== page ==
I am considering now to cancel my Cebu Pacific bookings. It’s not good for me to fly when my heart is beating fast. As I always say, ambot lang!

    • quierosaber says:

      LOL! Seriously, it takes an accident to happen to be able to assess how good the plane mechanics are, the pilots and the cabin crew, included. Skills and looks matter, after all this is a competitive business that makes glamor inviting to passengers. But certainly not to be overlooked is the mental toughness and the courage to face challenges attributed to flight adversities. This will put all airline flight personnel to the test whether or not management has made them undergo the right and proper training to make the logical decisions during emergencies or crisis. Obviously the required attitude and response – the presence of mind – wasn’t with this airline during the Davao mishap.

  2. penpowersong says:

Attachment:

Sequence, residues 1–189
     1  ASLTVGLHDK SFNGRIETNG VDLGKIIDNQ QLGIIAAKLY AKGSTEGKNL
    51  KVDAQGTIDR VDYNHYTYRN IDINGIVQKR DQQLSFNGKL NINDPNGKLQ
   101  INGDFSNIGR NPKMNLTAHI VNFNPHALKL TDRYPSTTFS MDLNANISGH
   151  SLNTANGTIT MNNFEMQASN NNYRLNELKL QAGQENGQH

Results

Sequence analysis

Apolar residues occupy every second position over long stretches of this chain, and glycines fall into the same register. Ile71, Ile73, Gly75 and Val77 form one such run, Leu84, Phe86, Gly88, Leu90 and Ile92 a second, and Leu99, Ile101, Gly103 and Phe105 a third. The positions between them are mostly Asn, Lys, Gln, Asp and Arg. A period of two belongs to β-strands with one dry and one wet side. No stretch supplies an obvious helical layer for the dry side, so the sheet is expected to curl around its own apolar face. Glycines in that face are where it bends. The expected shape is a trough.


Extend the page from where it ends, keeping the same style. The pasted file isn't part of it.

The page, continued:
The cebu pacific plane did not overshoot the runway, it MISLANDED, a clear pilot’s error.Overshooting the runway is going beyond the end of the runway. In the case of the cebu pacific, its right tire mislanded on the grassy shoulder of the runway. The jolt should have alerted the crew to give instructions to the passenger. Another lapse is that there was no immediate action when the incident happened. The crew should have released the emergency chute for the sliding exit of the passengers. The lady spokesperson of the ariline erred when she said, that since there was no fire, emergency embarkation was not necessary. In a situation like that, ANYTHING can happen. I used to work in PAL, and we treat such kind of situation with urgency. In an emergency that involves an aircraft, it is better to overreact than to underreact. Worse, none of the land employees of cebu pacific were on hand to assist. What they should have done was rush to the scene with umbrellas, at least, because it was raining.The 15 minutes lapse before the exit doors were opened was dangerous. The defensive stance of the airline just emphasize its arrogant image.